Finding the Answer to a
Riddle Shrouded in a Mystery
The art of the non-deal might be the only way out of
the stand-off between the US and North Korea
by Pepe Escobar
High-level inter-Korean talks at the border village of Panmunjeom not only represent a vital step in Winter Olympics’ diplomacy
but also offer a tantalizing chance of a breakthrough in stalled six-party discussions.
Wormwood and a Shocking Secret of War: How Errol Morris Vindicated My Father, Wilfred Burchett
Another Step Toward Armageddon
by Paul Craig Roberts
Starting Them Young: Is Facebook Hooking Children on Social Media?
Over the past few months, social media companies have come under increasing scrutiny from media critics, watchdog groups, and US congressional committees. Much of the criticism has focused upon how Facebook and Twitter facilitated the propagation of inflammatory messages created by Russian agents during the 2016 US presidential elections, ostensibly to polarize American voters. Self-serve advertising, “filter bubbles,” and other aspects of social media have made mass targeted manipulation easy and efficient.
'Get Him Out of Here!': Watch Maxine Waters' Epic Trump Takedown After His Racist 'Sh*thole' Remarks
The congresswoman delivered perhaps her most furious denunciation yet.
by Chris Sosa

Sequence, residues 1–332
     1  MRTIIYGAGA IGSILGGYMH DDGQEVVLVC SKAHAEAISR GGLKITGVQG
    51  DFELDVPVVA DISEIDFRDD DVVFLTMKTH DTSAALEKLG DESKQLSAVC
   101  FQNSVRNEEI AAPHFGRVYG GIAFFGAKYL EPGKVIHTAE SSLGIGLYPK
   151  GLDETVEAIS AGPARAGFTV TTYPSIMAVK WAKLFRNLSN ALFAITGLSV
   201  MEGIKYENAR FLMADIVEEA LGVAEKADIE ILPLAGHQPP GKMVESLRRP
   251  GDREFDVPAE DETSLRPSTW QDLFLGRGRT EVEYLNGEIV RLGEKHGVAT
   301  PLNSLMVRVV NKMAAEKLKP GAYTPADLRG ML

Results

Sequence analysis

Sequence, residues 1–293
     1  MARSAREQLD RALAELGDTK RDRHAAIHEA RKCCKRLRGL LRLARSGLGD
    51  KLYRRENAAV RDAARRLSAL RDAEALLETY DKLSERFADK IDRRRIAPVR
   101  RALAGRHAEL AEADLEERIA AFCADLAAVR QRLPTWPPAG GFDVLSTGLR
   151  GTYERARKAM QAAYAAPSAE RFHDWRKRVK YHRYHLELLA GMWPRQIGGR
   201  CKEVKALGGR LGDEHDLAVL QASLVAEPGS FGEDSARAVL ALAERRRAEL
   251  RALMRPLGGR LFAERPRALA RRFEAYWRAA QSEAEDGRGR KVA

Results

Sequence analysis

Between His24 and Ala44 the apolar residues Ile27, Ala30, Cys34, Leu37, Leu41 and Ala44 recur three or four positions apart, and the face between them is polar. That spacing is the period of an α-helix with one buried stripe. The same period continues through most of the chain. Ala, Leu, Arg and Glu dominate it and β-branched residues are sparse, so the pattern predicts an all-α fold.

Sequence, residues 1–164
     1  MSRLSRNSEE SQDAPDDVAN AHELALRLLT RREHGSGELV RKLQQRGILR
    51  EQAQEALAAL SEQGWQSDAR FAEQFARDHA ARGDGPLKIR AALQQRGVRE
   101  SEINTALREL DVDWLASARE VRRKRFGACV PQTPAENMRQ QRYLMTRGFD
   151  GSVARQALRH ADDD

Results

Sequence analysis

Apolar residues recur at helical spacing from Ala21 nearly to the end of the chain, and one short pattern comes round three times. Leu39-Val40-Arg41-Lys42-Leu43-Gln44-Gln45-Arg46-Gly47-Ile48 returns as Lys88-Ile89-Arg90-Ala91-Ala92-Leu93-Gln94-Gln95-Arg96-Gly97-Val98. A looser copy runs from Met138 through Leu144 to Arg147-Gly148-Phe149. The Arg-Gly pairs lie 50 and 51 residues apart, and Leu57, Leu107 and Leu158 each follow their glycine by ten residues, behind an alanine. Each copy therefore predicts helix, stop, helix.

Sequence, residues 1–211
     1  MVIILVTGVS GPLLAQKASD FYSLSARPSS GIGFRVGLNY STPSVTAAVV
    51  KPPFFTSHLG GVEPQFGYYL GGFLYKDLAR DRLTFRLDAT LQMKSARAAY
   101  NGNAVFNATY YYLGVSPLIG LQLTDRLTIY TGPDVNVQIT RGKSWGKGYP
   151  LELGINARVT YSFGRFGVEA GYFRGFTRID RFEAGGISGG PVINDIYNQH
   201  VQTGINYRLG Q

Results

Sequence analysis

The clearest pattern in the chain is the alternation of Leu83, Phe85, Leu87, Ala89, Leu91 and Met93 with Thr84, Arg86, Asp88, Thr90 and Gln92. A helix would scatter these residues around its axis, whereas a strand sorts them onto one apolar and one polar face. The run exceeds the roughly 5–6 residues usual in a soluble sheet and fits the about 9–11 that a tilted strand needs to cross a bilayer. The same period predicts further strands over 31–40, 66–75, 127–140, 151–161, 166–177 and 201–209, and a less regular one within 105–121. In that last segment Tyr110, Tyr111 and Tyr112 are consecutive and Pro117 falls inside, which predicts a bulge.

Why no one from Norway wants to move
“Hello, I Must Be Going”: Is Michael Wolff’s Book Fake-Populist Trump’s Exit Strategy?
Authoritarian propagandists’ most ridiculous conceit (and most telling barometer of their criminal madness) is that if you tell a “big lie” often enough and long enough it becomes the truth.
No it doesn’t: It remains a lie. And makes the teller appear evermore insane.
So it is with Donald Trump and the Republicans’ “big lie” that Trump was and is some sort of conservative “populist” leading a “movement” and pursuing policies that advantage America’s working men and women who earn wages, as opposed pursuing traditional GOP policies favoring the wealthy, employers and those whose earnings come from investments. See Trump’s famous “closing argument” video here, the first draft version of which is captured here.
Sent: Friday, 12 January, 2018
Subject: [MCM] About Trump's mouth
As if Trump's calling Haiti a "shithole" is far worse than Obama's turning Libya into one.
For more News From Underground, visit http://markcrispinmiller.com
World War I: Crime and Punishment
In 1887, Frederick Engels made a chilling prediction of the war that would come in 1914:
The only war left for Prussia-Germany to wage will be a world war, a world war, moreover of an extent of violence